AURORA, Colorado | July 10, 2015
By Tyler Smith
A year ago last April, orthopedic surgeon Bennie Lindeque, MMed, PhD, met with a patient suffering from a painfully swollen knee. He knew the visible swelling was the least of the patient’s problems.
It was a difficult meeting for Lindeque, who specializes in orthopedic oncology, bone infections, and hip replacement at University of Colorado Hospital. The patient was Tod Sloan, MD, an anesthesiologist at UCH, with whom Lindeque had worked in the OR. The swelling in the knee wasn't the result of a fall or arthritis, but rather a rare and aggressive synovial tumor that had invaded Sloan's knee joint.
One way or another, Lindeque knew, the tumor had to be stopped before it consumed more of the joint and the bone and muscle surrounding it. He told Sloan he would need to open the knee joint and scrape out the tumor. The procedure, however, revealed that the tumor had spread, eating away at the femoral bone above the knee and a portion of the tibia below it.
That discovery meant another difficult conversation with Sloan, who would face a more aggressive treatment option to halt the cancer's ruinous march. The tumor-riddled bone would have to be resected, Lindeque told Sloan. Amputating the leg above the lower part of the femur would banish the cancer; Lindeque could also replace the section he removed with cadaveric bone, but that would leave Sloan's leg stiff and severely limit his mobility. Lindeque did not recommend that course to Sloan.
"The question there is how he would do everyday activities," Lindeque said, adding that some patients who choose cadaveric bone replacement find the discomfort so great that they later decide simply to amputate the leg above the knee.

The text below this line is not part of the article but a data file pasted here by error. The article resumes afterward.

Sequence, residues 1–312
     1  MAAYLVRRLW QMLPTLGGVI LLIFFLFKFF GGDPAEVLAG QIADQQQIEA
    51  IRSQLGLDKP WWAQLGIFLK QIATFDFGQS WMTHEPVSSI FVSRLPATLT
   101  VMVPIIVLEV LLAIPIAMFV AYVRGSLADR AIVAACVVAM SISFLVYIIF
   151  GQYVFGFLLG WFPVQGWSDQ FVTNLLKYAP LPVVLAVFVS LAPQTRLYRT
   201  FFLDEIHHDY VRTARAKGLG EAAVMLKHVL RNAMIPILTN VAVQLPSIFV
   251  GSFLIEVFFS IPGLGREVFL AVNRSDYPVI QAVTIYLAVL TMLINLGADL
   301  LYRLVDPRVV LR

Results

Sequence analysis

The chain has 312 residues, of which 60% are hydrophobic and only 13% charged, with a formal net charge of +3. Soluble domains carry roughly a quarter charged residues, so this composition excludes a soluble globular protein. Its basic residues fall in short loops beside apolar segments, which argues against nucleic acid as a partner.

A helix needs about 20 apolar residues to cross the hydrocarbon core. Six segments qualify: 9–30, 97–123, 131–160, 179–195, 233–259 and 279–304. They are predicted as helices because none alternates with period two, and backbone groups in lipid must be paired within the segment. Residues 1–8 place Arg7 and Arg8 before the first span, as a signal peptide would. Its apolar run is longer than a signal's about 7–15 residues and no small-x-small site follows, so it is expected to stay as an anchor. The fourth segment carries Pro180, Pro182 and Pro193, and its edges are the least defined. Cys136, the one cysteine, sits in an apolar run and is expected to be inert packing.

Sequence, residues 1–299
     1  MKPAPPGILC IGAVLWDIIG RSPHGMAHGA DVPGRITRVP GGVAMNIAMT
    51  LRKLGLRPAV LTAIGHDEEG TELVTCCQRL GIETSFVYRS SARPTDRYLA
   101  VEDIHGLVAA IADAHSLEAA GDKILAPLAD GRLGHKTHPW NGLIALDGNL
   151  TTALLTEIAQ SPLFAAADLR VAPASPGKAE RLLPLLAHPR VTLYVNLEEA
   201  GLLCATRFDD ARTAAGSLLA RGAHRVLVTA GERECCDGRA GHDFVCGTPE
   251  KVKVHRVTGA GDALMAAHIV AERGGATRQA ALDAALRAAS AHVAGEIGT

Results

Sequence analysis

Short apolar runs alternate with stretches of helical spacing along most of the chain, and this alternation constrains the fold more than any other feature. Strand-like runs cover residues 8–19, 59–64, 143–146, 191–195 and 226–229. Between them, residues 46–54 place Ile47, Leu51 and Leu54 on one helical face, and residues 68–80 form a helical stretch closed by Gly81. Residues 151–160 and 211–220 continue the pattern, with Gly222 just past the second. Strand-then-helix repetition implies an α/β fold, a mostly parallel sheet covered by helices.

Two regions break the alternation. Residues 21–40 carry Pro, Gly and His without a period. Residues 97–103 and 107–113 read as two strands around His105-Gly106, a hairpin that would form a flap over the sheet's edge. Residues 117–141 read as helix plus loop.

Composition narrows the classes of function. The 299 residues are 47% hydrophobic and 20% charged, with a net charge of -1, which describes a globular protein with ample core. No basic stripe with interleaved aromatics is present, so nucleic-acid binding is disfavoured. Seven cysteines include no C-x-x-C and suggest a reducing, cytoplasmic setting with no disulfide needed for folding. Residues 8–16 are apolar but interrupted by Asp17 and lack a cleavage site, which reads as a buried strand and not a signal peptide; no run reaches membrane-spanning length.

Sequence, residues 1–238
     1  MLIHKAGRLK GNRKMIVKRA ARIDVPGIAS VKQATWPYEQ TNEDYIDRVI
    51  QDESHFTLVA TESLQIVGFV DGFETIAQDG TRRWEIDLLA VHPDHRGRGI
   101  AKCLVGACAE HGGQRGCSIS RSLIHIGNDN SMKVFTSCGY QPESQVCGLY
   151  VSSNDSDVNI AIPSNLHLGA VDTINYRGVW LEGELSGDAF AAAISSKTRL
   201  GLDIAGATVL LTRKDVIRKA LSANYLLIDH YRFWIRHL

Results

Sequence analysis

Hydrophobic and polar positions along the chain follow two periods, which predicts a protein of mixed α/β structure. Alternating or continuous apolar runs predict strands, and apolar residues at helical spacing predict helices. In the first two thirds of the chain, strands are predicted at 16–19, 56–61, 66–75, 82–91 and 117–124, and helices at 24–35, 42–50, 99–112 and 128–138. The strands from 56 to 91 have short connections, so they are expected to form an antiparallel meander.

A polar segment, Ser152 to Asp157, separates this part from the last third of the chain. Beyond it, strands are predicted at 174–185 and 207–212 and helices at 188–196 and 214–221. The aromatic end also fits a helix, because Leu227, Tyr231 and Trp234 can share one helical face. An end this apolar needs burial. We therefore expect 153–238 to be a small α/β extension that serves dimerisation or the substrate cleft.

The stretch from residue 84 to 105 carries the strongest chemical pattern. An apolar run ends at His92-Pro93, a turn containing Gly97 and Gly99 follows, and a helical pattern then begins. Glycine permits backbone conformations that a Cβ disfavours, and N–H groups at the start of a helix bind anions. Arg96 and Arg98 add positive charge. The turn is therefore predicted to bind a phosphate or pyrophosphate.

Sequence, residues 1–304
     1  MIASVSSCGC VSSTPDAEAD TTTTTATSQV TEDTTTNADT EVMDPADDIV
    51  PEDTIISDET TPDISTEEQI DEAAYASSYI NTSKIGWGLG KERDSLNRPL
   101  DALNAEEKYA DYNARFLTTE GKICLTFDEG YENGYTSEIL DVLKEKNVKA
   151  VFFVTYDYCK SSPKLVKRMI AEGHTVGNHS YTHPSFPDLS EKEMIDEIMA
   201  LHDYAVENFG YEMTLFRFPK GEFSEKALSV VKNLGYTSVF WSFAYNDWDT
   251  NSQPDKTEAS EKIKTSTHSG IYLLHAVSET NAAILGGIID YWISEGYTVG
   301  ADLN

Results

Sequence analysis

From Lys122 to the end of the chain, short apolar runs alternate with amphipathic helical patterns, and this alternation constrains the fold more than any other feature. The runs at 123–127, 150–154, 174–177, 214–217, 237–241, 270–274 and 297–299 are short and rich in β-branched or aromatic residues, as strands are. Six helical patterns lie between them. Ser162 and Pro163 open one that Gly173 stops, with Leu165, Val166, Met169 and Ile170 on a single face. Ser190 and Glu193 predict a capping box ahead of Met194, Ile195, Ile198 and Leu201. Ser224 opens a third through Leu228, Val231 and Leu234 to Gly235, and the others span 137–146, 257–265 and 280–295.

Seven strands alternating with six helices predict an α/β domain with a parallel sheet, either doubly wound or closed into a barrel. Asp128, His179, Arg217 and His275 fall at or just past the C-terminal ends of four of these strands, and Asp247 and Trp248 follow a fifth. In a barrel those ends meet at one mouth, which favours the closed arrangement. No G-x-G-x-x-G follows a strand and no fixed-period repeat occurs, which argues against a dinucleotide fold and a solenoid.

Lindeque offered Sloan a much less frequently available option he believed could rid Sloan of the cancer and preserve his ability to walk. The approach: resect the cancerous bone, insert and anchor rods in what remained of the femur and tibia, and bridge them with a hinged, rotating prosthesis that would allow Sloan to bend and straighten his leg as if he had a knee.
"The goal was to restore his knee function to the point where he could return to the community and resume the activities of daily living," Lindeque said.
Lindeque, who became aware of the procedure while practicing in his native South Africa, said he was confident the procedure would work and that the prosthesis would serve Sloan well. The titanium and cobalt chromium components are lined with high-density polyethylene to protect the metal from wear and tear, he said.
“The prosthesis is very durable,” he said, noting that the devices last at least 10 years about 90 percent of the time. "The uniqueness is that we can use metallurgic materials to replace major resected parts of the bones and joints and restore
functionality to the patient," he said.
Ten years was a good number for Sloan, now 66, who was nearing retirement when he received his cancer diagnosis. He agreed to the procedure, which Lindeque completed in about two-and-a-half hours. Sloan had no surgical complications and is now about 15 months into his recovery. He sees Lindeque every three months. If he is cancer-free at the two-year mark, he'll need only to make annual visits.
Sloan went through a challenging and painful rehabilitation period, but he is now able to drive, walk short distances unassisted, and get around his home in the Dallas area, where he moved after retiring from his position with the School of Medicine.
It's not the life that he imagined he'd be leading a year and a half ago, but he's grateful to Lindeque for preserving a measure of independence he'd otherwise have lost.
"He was honest with me about my options," Sloan said. "He told me that this is what we needed to do to move forward, and I trusted him. His positive attitude was great."